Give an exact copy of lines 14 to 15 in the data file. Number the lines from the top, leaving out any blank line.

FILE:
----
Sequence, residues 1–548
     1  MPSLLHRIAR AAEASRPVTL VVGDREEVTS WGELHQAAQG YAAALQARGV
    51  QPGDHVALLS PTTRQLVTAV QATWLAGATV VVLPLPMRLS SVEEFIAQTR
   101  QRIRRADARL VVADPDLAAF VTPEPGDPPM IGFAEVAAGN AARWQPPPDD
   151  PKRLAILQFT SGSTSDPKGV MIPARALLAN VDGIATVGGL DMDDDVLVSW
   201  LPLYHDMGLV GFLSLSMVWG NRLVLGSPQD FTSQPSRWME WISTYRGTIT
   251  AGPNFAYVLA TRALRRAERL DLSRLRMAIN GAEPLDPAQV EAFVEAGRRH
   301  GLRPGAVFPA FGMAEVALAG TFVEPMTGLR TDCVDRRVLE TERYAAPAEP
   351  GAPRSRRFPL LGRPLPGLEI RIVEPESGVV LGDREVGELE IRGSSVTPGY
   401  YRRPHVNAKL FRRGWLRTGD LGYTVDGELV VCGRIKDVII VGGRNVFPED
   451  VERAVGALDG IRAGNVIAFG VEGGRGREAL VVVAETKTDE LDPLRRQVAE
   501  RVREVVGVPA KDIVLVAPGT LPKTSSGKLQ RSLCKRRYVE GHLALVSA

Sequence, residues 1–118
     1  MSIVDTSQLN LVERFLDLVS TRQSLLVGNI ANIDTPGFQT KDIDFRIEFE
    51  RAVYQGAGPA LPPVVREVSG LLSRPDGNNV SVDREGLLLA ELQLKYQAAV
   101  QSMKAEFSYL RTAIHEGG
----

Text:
     1  MSIVDTSQLN LVERFLDLVS TRQSLLVGNI ANIDTPGFQT KDIDFRIEFE
    51  RAVYQGAGPA LPPVVREVSG LLSRPDGNNV SVDREGLLLA ELQLKYQAAV